Can You Plug Bass Into a Guitar Amp?

Can You Plug Bass Into a Guitar Amp

So, your bassist bandmate comes to your house for jamming, without his bass amp. You, being the guitarist and having only a guitar amp, can you plug the bass into your guitar amp?

You can plug a bass into a guitar amp for home practice and jamming sessions. However, be careful about the volume level of your electric guitar amp. Due to its incompatibility with bass, loud and heavy playing would damage its components.

So, how much low volume is considered acceptable when you are band practicing? Well, there is a lot more than meets the eye. Rather than just scratching the surface, keep on reading till the end to get some valuable insights on bass guitar, bass amps as well as guitar amps.

Differences Between Bass and Guitar Amps

It is always an advantage to know in-depth about the differences among the musical instruments, in our case, guitar amp and bass amp so that you can use them according to the configuration of your preference.

Here, we would be using a generic solid-state amp as a reference and give you a brief overview of tube amps later. Check out these important differences between these amps.

Bass Amp Electric Guitar Amp
Size of the speaker These types of amps have robust, comparatively larger speakers that robust. Guitar amplifiers have smaller-sized speakers, comparatively less robust.
Wattage rating Higher wattage rating for stronger power output ranging from 150 to 500 watts. Comparatively lower wattage rating than a bass amp, typically ranges around 20-100 watts.
Frequency Focused on low-end frequencies. The range of frequency is mid-focused.
Access to controls Limited control knobs are available, such as volume and EQ knobs only. Other than Volume and EQ knobs, effect knobs might be available.
Ease of controlling the sound It is a bit tricky to elicit the perfect sound through a bass amp due to its subtle configurations. The configuration is pretty straight-forward

You can also find some apparent differences such as the caging of a bass amp is more spaciously perforated than the regular guitar amp. This is done to convey smooth bass tones.

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A greater power supply of the bass amps is required to revamp the low-end bass frequencies significantly to make them audible. The guitar amp tone which is mid-ranged consumes less power.

From practical experience, I can certify the trickiness of the sound control of a bass amp. You need to adjust the volume knob or the gain very carefully, otherwise, you might damage the guitar speaker or blow up the fuse.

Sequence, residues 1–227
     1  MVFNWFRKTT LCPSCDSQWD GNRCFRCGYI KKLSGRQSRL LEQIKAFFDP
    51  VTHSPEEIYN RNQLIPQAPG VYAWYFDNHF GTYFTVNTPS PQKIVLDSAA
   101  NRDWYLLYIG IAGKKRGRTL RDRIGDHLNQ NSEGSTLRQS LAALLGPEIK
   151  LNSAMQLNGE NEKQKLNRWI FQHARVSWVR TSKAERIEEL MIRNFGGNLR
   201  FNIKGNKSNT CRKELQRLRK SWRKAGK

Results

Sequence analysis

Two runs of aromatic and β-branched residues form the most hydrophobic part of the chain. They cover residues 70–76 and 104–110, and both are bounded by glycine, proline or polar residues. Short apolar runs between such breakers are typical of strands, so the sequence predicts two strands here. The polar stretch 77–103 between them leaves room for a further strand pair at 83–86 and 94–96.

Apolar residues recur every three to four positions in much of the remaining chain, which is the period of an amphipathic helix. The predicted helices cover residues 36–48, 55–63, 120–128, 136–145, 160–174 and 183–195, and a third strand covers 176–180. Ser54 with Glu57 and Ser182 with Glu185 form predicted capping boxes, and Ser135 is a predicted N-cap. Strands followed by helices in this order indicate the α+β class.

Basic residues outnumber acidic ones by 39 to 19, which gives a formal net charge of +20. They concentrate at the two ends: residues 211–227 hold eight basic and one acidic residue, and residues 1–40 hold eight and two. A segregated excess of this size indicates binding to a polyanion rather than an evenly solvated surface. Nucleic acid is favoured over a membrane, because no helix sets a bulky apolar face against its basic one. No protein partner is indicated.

The commonalities between these two types of amplifiers can be deceiving. They are often the reasons for the rookie mistakes like plugging in the bass guitar into a solid-state guitar amp without giving any second thoughts.

The most common features of these two musical gears are the instrument cable port and the similar-looking EQ controls. Some of the amps (guitar or bass) have an audio input port or a headphone socket which might be a life-saver in such a case like you are facing.

How to Play a Bass Using a Guitar Amp Safely

So, now is the moment of truth. You being a guitar player, might only have a guitar amplifier. If that’s a practice amp you might fancy experiencing the musical hums of bass once in a while. So, here are some tricks you can follow to play the bass guitar through your guitar amp without ruining it.

Play it at a Low Volume

How do you rock out bass at a low volume? Well, you have to compromise such a passion in such a case because one: higher volume would risk your guitar speaker due to mismatched impedance. And two: the sound would be distorted to a point where it would appear crackling and broken.

But the good news is, there is a certain level of threshold volume within which you can play the bass safely. And that volume is sufficient, especially if you are playing a passive-pickup bass guitar in your room or college dorm.

For bass with active pickups, the threshold is a bit lower, but that too doesn’t produce bad sound. So, turn your master volume control of both bass knob and amp knob down enough so that the amp doesn’t provide intermittent burst feedback (Random burst noises).

Use Headphones

This way, you can practice the bass as loud as you want as the amplifier’s speaker won’t have to emit the high-power output sound. The only problem you might have is when you don’t have a headphone, or a headphone without a converter to connect into the cable port.